Annette Steele and Professor Mark B. Pollei, Conservation Lab, Harold B. Lee Library
The two week course at the American Academy of Bookbinding at Telluride, Colorado was extremely enlightening and crucial to my study of the conservation of pre-nineteenth century books and papers. Armed with research and four books in need of treatment I attended the course entitled “Book Conservation: Treatment of textblocks and Sewing” from April 30 to May 11. The research I had done before the course was helpful and seemed to mesh well with the theory and technique taught by Don Etherington. In Colorado I learned crucial information about disbinding and washing, mending and guarding, and sewing structures for each book.
For the first half of my project Mark Pollei and I selected four books that we believed were appropriate for research and for the course at Telluride Colorado. Rather than selecting books from the Special Collections, as previously discussed in my proposal, we determined it would be wiser to select books with less value for research. These books are Theology, Letters, Queen of the Air, and a Roman history book written in Greek. Therefore the four books selected were inexpensive books from Mark Pollei’s private collection. Because they are relatively unimportant texts, research on the books significance was largely unsuccessful and unnecessary. A survey of their condition and documentary photographs of each book were taken, however, and this served as a good starting point to determine the needs of each book.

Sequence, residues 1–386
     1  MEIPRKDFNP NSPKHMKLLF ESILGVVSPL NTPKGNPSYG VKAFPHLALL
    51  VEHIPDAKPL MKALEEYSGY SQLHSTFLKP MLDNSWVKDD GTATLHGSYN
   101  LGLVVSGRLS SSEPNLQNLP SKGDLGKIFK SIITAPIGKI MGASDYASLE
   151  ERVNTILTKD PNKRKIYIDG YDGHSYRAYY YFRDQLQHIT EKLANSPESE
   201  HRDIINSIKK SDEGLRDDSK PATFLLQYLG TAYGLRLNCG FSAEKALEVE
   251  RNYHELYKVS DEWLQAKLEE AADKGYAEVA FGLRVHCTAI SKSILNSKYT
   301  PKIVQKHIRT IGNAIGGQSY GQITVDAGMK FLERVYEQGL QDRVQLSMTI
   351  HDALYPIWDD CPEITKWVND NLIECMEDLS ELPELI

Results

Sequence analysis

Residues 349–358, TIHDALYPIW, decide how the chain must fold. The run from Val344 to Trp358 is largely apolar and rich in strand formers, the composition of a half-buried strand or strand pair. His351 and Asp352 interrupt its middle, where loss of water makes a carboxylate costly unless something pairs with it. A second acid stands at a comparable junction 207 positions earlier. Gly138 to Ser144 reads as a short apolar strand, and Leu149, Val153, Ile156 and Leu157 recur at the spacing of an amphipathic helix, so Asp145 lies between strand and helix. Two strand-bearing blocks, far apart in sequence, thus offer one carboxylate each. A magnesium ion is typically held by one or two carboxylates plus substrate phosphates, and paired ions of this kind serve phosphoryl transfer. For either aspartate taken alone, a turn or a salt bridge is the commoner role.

Research was conducted in four main areas: surveying, washing, mending, and sewing. My research on condition surveys proved that surveys can range from the simple to the extremely complex, as demonstrated by Nicholas Pickwood in his survey of the St. Catherine Monastery at Mt Sinai. For the small books in my research I determined to go with a very simple survey of textblock condition, supplemented with photographs. An article by Margaret Hey was the most helpful in understanding the current methods of washing using calcium hydroxide as a buffer. Julian Claire and Frederick Marsh have written useful information on repair techniques for losses and tears in damaged paper. Finally, most sources on sewing concluded that the best treatment utilizes the historical sewing if possible. If this structure has caused damage then it is up to the conservator to decide which method is best. With all of this knowledge I went to Colorado to learn more.
At the American Academy of Bookbinding we began with a condition survey and collation of our books. The survey was simple like many I had researched and included information on dimensions, page numbers, damage, etc. Collating with a light pencil was done in order to ensure that the book was rebound in the correct order. Then the books were disbound to prepare them for washing. The instructor Don Etherington determined that Queen of the Air was not in need of washing like Mark and I had previously discussed, and so this book was disbound only for repairs and rebinding.